Also, the term itself is not a biblical term. It comes from the Latin rapio (to seize, snatch, carry away). It is an inference from certain texts, chief of which are 1 Thess 4:16-17 and 1 Cor 15:51-54. Of course, one need not read these texts in such a manner, and plenty of debate centres of such passages.

While perhaps most evangelical Christians are premillennial, not every premillenialist holds to the rapture theory. And not every premillennialist is a dispensationalist. Indeed, even amongst those who are, there is a very large variety of viewpoints. Some of them are pre-tribulation rapture proponents. Some however are mid-tribulation advocates.

Others are post-tribulation aficionados, and there are even some who hold to a partial-rapture theory. For those not in the know, the tribulation is taken to be a seven year period of intense persecution, just before Christ returns and establishes his millennial kingdom (according to the pre-mil scheme of things that is).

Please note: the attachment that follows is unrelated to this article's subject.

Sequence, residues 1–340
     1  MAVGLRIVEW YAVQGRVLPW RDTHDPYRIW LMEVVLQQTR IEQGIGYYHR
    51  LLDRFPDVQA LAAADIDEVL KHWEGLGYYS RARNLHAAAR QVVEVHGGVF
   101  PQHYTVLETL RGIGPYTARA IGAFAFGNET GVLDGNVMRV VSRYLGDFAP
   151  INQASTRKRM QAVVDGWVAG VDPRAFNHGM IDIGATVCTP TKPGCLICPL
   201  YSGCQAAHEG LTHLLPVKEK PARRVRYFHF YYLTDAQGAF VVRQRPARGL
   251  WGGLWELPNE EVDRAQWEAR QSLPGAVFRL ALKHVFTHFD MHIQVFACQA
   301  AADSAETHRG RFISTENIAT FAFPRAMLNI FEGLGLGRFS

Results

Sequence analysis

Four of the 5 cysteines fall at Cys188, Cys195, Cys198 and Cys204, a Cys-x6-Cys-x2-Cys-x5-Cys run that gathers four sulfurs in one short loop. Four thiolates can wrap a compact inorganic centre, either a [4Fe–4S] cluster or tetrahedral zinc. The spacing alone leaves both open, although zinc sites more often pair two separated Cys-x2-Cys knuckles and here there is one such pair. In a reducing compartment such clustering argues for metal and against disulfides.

So the debate among advocates of the rapture is whether believers will experience none of the tribulation, some of the tribulation, or all of the tribulation. Many gallons of ink have been spilled on these debates, and at one time I was fully into the pre-mil, pre-trib position.

Now however I am more open to the other major options as well. I think a case can also be made for amillennialism, and even postmillennialism. So I have had a bit of a shift over the decades as to where I stand on these particular matters of eschatology.

In conclusion, can I say that it is not really my intention to have a major debate here about the rapture; and this for several reasons. To have such a debate, I really should first pen a lengthy article laying out all the various pros and cons, relevant Scriptural passages, theological foundations, and so on. That may yet be forthcoming.